Use Fun, Informal Approach to Qualify Potential Clients,
What’s the best way to qualify clients and make the sale? When
it comes to maximizing your results, the approach is everything,
according to Vincent A. Castiello, CKD, of Royal Kitchens &
Home Improvements, in New City, NY, who spoke about this topic at
the recent Kitchen/Bath Industry Show in Orlando, FL.
Castiello recommends a “shepherd” as opposed to “cowboy” sales
approach, explaining that, whereas “cowboys” use aggressive tactics
and push a client, “shepherds” pull the customer in by leading in a
gentle manner that creates a bond between designer and client.
“Your initial impression will make or break a sale,” he
emphasized, elaborating that people have a general impression of
salespeople as pushy and dishonest, which must be counteracted in
the initial meeting. Successful salespeople counteract that
negative stereotype by having a positive, fun personality that
makes people want to be around them, he adds.
“People are informal today,” he further explains, “so you need
to run your business informally.”
Castiello, who is also the founder of Total Success Corp., a
company dedicated to teaching professional selling, believes that
kitchen and bath salespeople/ designers need to “sell the kitchen
first.” To that end, he explains that he doesn’t do any designing
until a client is qualified and the sale has been made.
To make a sale this way, Castiello suggests listening more than
talking, and bonding with and qualifying clients by first having
them fill out an extensive questionnaire when they visit the
showroom. People who don’t want to give the salesperson their name,
or who say they’re just looking, are done for the time being, not
ready to buy, he believes. For that reason, Castiello recommends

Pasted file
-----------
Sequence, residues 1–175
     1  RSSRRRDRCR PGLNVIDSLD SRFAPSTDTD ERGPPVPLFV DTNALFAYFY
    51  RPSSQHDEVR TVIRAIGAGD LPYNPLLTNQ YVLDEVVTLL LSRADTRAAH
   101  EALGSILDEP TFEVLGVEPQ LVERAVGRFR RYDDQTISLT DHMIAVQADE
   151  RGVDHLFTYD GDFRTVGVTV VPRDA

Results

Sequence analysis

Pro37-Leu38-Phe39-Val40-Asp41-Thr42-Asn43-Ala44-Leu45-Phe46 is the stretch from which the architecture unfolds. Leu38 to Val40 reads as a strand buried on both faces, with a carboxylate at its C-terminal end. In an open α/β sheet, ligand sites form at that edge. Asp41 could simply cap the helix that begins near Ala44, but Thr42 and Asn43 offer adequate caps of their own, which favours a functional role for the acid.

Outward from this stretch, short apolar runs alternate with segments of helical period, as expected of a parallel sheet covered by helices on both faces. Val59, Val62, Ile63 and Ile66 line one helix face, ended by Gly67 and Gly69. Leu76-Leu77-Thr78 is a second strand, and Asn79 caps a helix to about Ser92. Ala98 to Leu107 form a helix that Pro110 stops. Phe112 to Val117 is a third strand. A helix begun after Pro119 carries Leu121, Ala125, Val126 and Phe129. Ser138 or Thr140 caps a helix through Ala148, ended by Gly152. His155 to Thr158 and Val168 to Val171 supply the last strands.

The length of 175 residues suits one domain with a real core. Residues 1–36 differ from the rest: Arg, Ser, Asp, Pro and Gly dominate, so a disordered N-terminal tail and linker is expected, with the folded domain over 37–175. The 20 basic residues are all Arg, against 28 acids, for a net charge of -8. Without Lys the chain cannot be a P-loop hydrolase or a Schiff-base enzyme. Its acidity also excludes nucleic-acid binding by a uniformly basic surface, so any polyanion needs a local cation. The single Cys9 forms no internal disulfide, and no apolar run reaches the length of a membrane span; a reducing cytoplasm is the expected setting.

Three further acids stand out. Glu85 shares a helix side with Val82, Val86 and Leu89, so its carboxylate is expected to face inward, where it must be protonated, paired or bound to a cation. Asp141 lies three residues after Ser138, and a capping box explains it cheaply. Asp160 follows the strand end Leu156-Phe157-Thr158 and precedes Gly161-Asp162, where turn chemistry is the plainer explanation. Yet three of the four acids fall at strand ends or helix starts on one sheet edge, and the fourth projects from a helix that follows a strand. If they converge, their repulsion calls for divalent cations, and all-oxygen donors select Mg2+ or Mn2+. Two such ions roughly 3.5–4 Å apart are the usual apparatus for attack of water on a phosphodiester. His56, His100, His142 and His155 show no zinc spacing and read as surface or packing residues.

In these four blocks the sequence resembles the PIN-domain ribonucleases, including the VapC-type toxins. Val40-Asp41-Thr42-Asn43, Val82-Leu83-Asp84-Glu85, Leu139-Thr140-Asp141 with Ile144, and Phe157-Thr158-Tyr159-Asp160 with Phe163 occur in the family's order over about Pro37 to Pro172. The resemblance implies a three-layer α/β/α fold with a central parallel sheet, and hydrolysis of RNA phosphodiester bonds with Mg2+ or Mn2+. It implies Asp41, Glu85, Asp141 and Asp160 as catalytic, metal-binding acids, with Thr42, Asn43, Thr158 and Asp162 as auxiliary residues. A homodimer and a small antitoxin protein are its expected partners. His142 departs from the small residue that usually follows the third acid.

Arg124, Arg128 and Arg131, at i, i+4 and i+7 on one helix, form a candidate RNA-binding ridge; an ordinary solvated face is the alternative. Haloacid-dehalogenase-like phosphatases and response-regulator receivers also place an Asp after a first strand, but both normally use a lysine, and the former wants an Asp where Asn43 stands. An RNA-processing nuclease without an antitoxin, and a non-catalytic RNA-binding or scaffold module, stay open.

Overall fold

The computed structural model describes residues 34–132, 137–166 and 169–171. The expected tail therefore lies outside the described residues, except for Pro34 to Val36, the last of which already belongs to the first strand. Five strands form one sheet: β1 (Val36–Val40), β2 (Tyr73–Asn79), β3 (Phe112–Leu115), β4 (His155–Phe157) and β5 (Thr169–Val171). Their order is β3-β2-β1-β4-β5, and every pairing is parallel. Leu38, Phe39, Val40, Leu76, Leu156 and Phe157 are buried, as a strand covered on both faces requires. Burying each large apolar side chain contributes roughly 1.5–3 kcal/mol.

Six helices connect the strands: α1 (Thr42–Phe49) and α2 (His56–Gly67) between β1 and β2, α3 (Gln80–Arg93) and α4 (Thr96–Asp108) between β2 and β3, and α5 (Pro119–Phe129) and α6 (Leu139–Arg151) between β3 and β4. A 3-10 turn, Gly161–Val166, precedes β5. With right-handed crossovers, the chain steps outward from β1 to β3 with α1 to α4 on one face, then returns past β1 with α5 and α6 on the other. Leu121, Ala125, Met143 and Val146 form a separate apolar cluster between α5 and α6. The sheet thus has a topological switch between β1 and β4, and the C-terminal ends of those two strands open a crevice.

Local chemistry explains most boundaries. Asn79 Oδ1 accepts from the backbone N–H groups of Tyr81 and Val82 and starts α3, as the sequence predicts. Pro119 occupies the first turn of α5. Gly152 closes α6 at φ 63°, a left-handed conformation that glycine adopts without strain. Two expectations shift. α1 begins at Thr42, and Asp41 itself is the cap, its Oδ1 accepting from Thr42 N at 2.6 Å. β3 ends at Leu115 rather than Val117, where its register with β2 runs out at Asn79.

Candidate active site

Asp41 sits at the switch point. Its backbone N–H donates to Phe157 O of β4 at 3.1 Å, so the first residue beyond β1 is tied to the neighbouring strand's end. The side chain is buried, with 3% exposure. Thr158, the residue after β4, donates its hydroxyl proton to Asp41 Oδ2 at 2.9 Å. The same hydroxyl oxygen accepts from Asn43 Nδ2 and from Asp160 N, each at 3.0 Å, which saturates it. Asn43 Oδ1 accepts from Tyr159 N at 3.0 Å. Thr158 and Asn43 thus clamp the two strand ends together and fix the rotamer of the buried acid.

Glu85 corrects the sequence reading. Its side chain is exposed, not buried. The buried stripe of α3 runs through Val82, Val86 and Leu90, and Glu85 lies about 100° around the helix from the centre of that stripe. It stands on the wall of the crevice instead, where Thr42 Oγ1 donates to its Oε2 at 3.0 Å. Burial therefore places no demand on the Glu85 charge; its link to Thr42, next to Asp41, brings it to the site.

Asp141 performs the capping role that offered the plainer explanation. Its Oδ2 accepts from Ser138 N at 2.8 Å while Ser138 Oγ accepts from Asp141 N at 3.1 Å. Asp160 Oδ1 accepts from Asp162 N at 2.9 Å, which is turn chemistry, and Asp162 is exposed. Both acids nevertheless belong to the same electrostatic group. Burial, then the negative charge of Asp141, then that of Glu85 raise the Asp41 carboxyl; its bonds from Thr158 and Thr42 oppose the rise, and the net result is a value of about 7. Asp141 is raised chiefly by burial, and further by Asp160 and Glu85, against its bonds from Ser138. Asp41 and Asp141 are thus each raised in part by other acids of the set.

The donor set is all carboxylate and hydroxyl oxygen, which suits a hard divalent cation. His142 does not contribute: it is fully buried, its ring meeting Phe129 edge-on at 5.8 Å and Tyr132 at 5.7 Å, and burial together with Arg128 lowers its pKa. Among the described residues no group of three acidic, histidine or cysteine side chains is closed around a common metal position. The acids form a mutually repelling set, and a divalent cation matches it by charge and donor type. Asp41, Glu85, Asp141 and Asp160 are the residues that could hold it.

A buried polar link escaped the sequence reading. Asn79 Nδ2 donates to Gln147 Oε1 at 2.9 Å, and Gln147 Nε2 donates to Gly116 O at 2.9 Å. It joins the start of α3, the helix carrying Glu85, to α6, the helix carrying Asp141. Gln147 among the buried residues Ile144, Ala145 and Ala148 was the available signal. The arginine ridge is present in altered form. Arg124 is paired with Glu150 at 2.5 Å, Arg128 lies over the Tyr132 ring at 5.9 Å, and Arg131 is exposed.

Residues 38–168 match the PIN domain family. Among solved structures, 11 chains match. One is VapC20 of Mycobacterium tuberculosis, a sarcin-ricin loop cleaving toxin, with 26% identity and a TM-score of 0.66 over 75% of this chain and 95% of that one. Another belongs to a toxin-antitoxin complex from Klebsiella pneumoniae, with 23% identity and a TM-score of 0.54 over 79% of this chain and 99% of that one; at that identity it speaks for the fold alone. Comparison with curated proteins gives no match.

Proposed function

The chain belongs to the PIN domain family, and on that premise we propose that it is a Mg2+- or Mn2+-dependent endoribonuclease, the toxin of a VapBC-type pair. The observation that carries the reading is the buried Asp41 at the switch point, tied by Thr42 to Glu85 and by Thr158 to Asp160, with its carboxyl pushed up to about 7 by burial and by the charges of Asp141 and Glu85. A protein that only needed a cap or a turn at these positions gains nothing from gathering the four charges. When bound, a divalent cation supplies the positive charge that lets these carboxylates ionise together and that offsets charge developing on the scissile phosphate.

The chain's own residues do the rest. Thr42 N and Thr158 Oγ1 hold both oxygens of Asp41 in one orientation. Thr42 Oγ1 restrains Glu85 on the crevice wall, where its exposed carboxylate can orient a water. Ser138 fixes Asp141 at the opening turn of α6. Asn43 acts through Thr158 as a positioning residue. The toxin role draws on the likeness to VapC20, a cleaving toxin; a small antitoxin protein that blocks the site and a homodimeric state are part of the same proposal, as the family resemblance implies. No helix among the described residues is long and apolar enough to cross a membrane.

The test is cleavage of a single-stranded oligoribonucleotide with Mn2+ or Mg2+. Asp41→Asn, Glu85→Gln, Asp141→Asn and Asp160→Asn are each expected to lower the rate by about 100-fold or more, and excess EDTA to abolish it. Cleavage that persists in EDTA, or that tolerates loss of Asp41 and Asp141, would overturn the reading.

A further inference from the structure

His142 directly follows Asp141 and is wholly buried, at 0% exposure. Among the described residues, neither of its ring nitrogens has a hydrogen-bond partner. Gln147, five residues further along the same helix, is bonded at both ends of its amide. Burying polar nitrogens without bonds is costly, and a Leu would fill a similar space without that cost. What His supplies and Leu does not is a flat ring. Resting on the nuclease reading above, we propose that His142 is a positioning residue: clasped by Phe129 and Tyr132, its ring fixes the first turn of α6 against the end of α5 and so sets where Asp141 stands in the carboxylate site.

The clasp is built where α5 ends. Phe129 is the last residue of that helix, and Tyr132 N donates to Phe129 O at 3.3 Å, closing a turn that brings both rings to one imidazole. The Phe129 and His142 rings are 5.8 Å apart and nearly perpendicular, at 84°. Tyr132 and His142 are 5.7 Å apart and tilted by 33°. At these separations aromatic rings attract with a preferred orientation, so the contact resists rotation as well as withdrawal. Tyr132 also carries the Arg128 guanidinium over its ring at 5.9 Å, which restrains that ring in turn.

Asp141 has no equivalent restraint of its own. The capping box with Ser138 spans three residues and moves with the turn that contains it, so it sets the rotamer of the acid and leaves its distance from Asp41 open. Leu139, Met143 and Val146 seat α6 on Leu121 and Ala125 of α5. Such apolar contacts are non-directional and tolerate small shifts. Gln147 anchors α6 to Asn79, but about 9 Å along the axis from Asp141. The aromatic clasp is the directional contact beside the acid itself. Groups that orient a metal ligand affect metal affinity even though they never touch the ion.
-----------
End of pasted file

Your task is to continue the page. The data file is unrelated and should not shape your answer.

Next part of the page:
leaving them alone rather than being pushy and following them
around the showroom, which only serves to annoy them and discourage
them from returning when they are ready to buy.
A potential client who is seriously in the market for a kitchen
or bath remodel should receive an appointment to come in for a free
consultation. Castiello recommends against visiting a potential
client’s house for free. He also recommends charging a design fee
on a sliding scale, depending on the budget for the project.
Once a sale is made, success is more likely if a designer can
talk a client out of unfavorable schedules with a completion date
either too near or too far in the future. For the latter, Castiello
says, prices of materials can change, making the bid you gave
someone two years ago end up being unprofitable today. He
recommends having the client call three or four months before the
anticipated time of the remodel, rather than setting up the deal
years ahead of time.
On the other end of the scale, projects that have to be done in,
say, three weeks in time for someone’s graduation have a high
stress and failure rate. It’s best to explain the remodeling
process to the clients and ask them to wait until after the big
event, he believes.
In general, he advises, “Don’t be hesitant or timid about asking
questions.” Astute questioning can increase the bond with clients,
and help a designer understand what’s truly important to them about
the project in short, helping to find the “hot button” of the real
emotional benefit they’re trying to get out of the remodel.
Castiello’s seminar also dealt with budget and financing issues,
as well as how to counteract low-ball bids by competing remodelers.
Overall, Castiello emphasized the importance of perceiving one’s
self as a salesperson rather than an estimator in the initial
stages of a job, and making sales an important focus along with
“If we don’t know how to convince clients that our company and
services are worth their investment, we won’t be afforded as many
opportunities to show off our talents,” he concluded.